Within smaller group instruction, individual participation and small group activities create chances for more intensive teaching. This is especially important for struggling, “at-risk," readers who might move at a slower pace and be “left behind” with more conventional curriculum.
Although the majority of schools participating in this year’s research have used Dr. Cupp Readers® & Journal Writers and Ten Minute Phonics™ for two years or less, it is noteworthy that, among schools using her materials longer, assessment shows continued student achievement. The fact that many of the schools who began using her products when first introduced are still using them today (a rare occurrence in the modern education environment) is as valid a testimonial for the program as the data collected on test results of students learning with Dr. Cupp Readers® & Journal Writers. “I use it because it works,” says one teacher, “and I don’t have to reinvent the wheel every year to know that my students will learn to read and love to read.”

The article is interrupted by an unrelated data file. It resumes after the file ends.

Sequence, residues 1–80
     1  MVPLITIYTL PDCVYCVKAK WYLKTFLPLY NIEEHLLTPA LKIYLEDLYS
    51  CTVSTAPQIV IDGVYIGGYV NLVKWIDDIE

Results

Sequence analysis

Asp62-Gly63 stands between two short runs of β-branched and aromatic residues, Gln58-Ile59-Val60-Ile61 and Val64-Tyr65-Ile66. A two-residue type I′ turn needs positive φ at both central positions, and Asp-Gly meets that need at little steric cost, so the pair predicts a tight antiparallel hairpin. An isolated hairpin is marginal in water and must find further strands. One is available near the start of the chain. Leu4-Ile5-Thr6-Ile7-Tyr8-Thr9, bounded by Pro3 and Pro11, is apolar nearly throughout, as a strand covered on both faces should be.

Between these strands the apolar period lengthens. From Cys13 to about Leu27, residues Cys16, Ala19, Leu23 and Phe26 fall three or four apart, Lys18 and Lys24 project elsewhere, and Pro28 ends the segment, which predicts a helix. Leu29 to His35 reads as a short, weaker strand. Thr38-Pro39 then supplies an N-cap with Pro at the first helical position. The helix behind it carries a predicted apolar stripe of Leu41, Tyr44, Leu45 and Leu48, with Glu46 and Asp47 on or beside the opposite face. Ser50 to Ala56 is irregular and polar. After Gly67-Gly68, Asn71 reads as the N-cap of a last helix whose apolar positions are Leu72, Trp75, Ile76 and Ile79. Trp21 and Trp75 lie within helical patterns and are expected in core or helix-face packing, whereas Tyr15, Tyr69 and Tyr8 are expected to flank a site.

This research summary has been prepared by Cathy Puett Miller, Independent Literacy Consultant, June, 2004
Cathy Puett Miller, Independent Literacy Consultant
©2004 Cindy Cupp and Associates. All rights reserved. Schools and school districts are able to make single copies of this document for the purpose of grant applications and documentation. Any other duplication of a part or the whole of this report is prohibited without written permission from Cindy Cupp and Associates.
For additional information about the Dr. Cupp Readers® & Journal Writers or Ten Minute Phonics™ visit www.cindycupp.com
Cindy Cupp and Associates, Inc.
Savannah, Georgia 31406
Office phone 912 691-2434
Fax 912 691-1449
May/End of Year 2004 payday update School Highlights